Members of the Rotary Club of Sunyani East, Ghana, explain how their club began,
and why Rotary is the best place to find fun, companionship and service
For more than a decade, Rotary's membership has lingered around 1.2 million. That means that for every person who joined during that period, another person left. Last year, membership hit a 10-year low, at 1,185,000, though we've since rebounded, raising the figure this year to 1,207,102.
For RI President Gary C.K. Huang, that's not good enough. He hopes to increase membership to 1.3 million by the end of his term.
"It's simple: The more members we have, the more people we can help," Huang says. "A stronger membership base will result in strong communities."
How can we reach his goal? And how can we keep the members we already have? Here's a look at regions and countries that have increased membership, as well as an overview of ways that Rotary leaders are working to grow our membership.
Germany gained more 11,000 members from 2003 to 2013, an increase of 27 percent. "German clubs put an emphasis on personal connections between members and their families and try to develop programs and events in which many play an active role," says Rotary coordinator Peter Iblher. "We try not to overwhelm our members with financial requests and purely financial goals. We try to create an impression of club life as being rewarding and valuable for members and their families."
RI Director Per Høyen, credits some of the membership growth in his zone, particularly in Lithuania (which doubled its number of Rotary members between 2003 and 2013), to favorable media coverage and positive government relations. "Lithuanian Rotarians get the media interested in the projects they are doing all over the country. This 'free' PR creates a lot of interest among people and makes it easier to get new members, because people know what Rotary is doing," he says.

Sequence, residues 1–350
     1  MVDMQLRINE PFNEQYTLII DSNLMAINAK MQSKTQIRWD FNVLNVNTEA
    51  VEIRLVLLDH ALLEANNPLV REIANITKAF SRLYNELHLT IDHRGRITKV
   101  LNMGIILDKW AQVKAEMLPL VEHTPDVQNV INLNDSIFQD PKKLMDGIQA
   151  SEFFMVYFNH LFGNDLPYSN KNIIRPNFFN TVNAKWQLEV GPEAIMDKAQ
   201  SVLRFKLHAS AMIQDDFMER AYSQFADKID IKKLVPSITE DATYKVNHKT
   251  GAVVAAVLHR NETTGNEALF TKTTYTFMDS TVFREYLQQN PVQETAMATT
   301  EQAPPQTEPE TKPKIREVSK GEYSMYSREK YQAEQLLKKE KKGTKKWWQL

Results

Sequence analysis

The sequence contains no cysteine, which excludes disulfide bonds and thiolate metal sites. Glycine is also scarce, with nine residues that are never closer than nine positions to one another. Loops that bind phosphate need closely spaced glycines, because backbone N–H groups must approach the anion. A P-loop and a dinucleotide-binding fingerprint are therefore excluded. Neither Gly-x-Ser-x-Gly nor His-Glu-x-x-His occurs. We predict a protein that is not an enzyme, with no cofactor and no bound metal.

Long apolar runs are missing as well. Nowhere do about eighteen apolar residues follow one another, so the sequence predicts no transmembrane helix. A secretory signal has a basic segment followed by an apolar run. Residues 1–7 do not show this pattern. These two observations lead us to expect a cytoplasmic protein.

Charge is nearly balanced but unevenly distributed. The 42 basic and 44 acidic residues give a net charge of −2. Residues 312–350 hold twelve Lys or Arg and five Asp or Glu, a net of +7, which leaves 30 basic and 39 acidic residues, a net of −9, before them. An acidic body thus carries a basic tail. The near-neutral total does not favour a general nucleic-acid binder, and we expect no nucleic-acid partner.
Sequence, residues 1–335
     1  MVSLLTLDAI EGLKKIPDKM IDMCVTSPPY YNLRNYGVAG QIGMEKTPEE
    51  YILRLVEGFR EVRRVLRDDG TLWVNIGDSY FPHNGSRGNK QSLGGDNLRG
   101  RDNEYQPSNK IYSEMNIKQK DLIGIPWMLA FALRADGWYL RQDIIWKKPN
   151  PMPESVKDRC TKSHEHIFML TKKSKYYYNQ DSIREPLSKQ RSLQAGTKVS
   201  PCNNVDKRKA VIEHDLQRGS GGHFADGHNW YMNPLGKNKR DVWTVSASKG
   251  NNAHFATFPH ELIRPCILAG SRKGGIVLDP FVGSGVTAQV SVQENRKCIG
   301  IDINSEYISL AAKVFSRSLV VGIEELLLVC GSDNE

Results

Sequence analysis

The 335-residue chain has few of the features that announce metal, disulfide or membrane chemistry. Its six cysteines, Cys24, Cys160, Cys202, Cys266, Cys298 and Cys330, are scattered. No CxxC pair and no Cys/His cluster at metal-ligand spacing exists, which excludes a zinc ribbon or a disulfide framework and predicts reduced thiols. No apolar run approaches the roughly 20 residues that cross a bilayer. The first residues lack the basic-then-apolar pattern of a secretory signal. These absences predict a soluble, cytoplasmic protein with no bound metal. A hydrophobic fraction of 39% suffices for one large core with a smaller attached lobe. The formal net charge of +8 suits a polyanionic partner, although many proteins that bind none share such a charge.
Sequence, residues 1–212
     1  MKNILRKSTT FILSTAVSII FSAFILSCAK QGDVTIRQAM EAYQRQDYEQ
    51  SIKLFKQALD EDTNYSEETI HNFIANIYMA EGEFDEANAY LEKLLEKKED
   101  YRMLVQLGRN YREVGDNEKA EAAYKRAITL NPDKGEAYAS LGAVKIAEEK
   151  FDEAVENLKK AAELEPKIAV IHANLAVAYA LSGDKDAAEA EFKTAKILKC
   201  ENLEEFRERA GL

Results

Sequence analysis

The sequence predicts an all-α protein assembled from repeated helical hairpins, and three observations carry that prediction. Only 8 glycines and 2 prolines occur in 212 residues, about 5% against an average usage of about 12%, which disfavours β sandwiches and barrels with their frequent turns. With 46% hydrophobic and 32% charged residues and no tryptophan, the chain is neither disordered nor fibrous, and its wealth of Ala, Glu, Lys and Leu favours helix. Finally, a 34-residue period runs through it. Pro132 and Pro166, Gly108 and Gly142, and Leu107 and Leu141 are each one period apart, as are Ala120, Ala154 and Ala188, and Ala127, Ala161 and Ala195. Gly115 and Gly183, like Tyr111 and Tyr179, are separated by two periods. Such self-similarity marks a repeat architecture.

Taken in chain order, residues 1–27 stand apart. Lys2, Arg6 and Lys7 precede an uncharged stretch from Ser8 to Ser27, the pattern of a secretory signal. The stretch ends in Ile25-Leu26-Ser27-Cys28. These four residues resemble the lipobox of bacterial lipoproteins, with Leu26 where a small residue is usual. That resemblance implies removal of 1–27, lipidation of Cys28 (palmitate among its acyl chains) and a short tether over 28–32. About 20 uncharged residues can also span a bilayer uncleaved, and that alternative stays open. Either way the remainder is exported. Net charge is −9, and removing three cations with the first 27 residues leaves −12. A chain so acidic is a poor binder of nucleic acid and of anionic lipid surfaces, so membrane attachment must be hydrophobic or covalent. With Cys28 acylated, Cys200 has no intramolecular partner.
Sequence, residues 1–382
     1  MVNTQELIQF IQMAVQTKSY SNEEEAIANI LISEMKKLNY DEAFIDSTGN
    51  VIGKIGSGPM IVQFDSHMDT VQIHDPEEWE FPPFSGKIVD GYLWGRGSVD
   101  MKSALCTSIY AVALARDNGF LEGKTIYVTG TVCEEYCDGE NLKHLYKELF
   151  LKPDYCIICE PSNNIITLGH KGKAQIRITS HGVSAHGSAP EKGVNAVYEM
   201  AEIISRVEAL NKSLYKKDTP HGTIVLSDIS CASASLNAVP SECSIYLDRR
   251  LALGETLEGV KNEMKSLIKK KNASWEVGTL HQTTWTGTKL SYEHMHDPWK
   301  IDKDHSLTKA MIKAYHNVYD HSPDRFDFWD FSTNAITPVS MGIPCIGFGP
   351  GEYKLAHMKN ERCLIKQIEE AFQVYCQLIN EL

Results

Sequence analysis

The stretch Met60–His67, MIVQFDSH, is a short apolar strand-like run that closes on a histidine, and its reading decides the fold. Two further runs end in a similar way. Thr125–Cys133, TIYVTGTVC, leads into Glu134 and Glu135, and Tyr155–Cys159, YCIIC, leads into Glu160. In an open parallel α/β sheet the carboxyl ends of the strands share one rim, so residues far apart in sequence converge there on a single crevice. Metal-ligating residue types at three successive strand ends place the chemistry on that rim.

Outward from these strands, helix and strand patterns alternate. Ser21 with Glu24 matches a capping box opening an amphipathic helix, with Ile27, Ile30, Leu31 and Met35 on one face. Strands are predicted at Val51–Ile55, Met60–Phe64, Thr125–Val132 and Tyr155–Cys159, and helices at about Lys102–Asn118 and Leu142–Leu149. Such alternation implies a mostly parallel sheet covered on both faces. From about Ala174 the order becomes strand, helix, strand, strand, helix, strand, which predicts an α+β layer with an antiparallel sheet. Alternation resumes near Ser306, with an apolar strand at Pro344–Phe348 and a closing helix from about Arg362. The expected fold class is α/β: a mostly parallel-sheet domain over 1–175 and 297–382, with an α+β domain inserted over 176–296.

"The average age of Rotarians in Africa is younger than in the United States or Europe. Clubs are relevant and vibrant, and support the belief that it is an honor and a big deal to become a Rotarian," says Thomas Branum, past chair of the Reach Out to Africa Committee and past RI director. Since 2004, Africa has gained more than 6,000 members.
In India, where membership grew by 38 percent between 2003 and 2013, three districts are collecting data to develop a plan for starting new Rotary clubs for the sons and daughters of members. Other strategies include recognizing those who recruit new members at appropriate events, and inviting prospective members to half-day seminars to learn about Rotary. "We target former Rotaractors and encourage them to form new Rotary clubs," says Ulhas Kolhatkar, a Rotary coordinator and past district governor. "We also encourage participation from second-generation Rotarians."
"One way we've been successful in Taiwan is focusing on alumni — people who were in Group Study Exchange and former Rotaractors. We keep track of these people," says Huang. From 2003 to 2013, Taiwan gained more than 7,500 members, an increase of 49 percent.